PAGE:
His carnal craving is looked upon with ignominy. The matter is further convoluted by Hester's marriage, and his unwillingness to mar his reputation among the villagers as the faithful and innocent priest. He is now stranded at a crossroad, not knowing whether to confess or carry on a life of self-punishment. The sin begins to gnaw away at his sanity. As a form of penance he partakes in late night vigils, starvation, and self-mutilation.
Arthur Dimmesdale faces many challenges throughout the course of the novel, which causes him to evolve. Despite his many good qualities, he does not confess, while Hester Prynne gets publicly shamed for the sin they committed together. This adds up to the reader’s lack of empathy for Dimmesdale. He plays the role of “human frailty and sorrow.” The activities Hester and Dimmesdale engage in are completely unacceptable in the Puritan society. Arthur Dimmesdale is a Puritan minister, he is expected to be the representation of Puritan faith, so he refrains from disclosing the truth.
He must struggle futilely to get back to where he was. Torn between the desire to confess and atone for his sin and the cowardice that holds him back, Dimmesdale goes slightly mad. He takes up some morbid forms of penance, fasts and scourgings, but he can neither whip nor starve the sin from his soul. In his agony, he staggers to the pulpit to confess, but his words come out as generalized and meaningless declarations of guilt. The reverend seems to want to reveal himself, but Chillingworth's influence and his own shame are stronger than his weak conscience.
Dimmesdale suffers greatly because of the consequences of his refusal to acknowledge his sin and is therefore portrayed as a hypocrite because does not confess his sin still continues to act as a well-respected minister. When the reader is first introduced to Dimmesdale they do not realize he is a hypocrite until later in the book. His hypocrisy is first made apparent when Hester is on a platform in front of the town as punishment and Dimmesdale is called to force Hester to confess who the father is: “Hester Prynne,” said he [Dimmesdale], leaning over the balcony and looking down steadfastly into... ... middle of paper ... ... of truth. At the end of the novel Hawthorne draws a conclusion from the story that “Among many morals which press upon us from the poor minister’s miserable experience, we put only this into a sentence-- Be true! Be true!
Brown’s fate at the end of the story characterize his acceptance of his wickedness because he doubts God’s sovereignty and sees nothing but corruption. Hawthorne effectively communicates that Brown fails the test of morality and emphasizes that the flaw of Puritans is indeed only to think about the
And although it seems his remorse cannot go deeper than it already is, Dimmesdale begins to realize how his parishioners must see him. He is supposed to be an honest man, but in hiding his sin, he begins to see himself as a hypocrite. “What can a ruined soul, like mine, effect towards the redemption of other souls?—or a polluted soul towards their purification? And as for the peoples reverence, would that it were turned to scorn and hatred!” (Hawthorne, 172.) Clearly Dimmesdale is worried about the reaction of the congregation if they were to discover his sin.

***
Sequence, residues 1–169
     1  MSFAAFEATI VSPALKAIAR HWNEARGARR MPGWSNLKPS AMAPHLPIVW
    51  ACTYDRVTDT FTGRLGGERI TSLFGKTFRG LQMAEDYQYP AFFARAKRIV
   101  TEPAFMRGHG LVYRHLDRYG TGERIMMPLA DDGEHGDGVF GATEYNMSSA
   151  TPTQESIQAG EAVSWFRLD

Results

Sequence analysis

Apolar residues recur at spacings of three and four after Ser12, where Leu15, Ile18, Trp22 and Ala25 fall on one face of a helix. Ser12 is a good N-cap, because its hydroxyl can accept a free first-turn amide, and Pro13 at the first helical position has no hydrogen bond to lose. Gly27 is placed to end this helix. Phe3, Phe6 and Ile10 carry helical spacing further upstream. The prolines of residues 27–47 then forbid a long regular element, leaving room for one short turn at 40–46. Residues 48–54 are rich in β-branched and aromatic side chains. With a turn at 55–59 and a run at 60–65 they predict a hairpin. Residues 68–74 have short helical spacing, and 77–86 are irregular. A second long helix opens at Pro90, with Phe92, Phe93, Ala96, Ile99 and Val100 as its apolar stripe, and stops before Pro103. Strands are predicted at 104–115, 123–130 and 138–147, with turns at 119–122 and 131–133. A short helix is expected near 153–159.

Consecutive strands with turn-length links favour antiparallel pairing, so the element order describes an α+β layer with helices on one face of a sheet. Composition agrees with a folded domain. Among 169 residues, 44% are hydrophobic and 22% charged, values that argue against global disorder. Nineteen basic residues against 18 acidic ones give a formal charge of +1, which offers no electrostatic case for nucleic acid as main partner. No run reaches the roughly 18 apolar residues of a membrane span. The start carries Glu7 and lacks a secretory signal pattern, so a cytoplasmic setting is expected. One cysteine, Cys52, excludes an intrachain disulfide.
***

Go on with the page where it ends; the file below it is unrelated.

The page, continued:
The community’s expectations cause Dimmesdale to punish himself for his sin instead of confessing. He struggles for years to come to terms with his mistake, and in the end he is able to accept his true identity and confess his sin publicly. In The Scarlet Letter, Hawthorne illustrates how the community’s influence over Dimmesdale prevents him from embracing his true identity, highlighting the negative effects the community can have on a person. Negative and restrictive diction are used to portray the detrimental aspects of the community’s strict laws, which prevent Dimmesdale from revealing his true identity to the public. The Puritans are described as, “…a people amongst whom religion and law [are] almost identical, and in whose character both [are] so thoroughly interfused, that the mildest and the severest acts of public discipline [are] alike made venerable and awful,” illustrating the high expectations of the community and the pressure their laws place on Dimmesdale (Hawthorne 47-48).
Also, the public has something to do with much of his distress, as well. They praise and worship him like a God among them, but this just reminds him that he is everything but holy. Furthermore, a large contributing factor to his misery is his constant and unwelcome companion, Roger Chillingworth. Chillingworth follows him, suffocates him and torments him by trying to get the minister to reveal all of his deep- hidden secrets. Works Cited The Scarlet Letter by Nathaniel Hawthorne sparknotes.com
Hester's and Arthur's mutual sin is the source of their discontentment. They wrong themselves by breaking this sixth commandment. As Hester disavows her duties to her husband, Arthur denies his duty to the people of the community who look up to him with astounding reverence. He has polluted his soul, and says it best himself: "What can a...polluted soul [effect towards] their purification?" Arthur, through his own tainted actions, leaves himself in a position to either nullify the community's notion that the Reverend is a pure and godly individual or to lie to them.
Mine burns in secret!” (167) Dimmesdale envies Hester’s letter because she has no need to hide form anyone and live in secret. Towards the end of his life, Dimmesdale, has enough strength to admit to his sinful actions and declares of God’s mercy. The war that is going on inside Arthur Dimmesdale is one of appearance vs. reality. Dimmesdale in the end conquers his tribulations and admits to his hypocritical ways. While the town’s people viewed him as their incorruptible, revered and strong pastor they came to realize that he was corrupt, dishonest, and weak.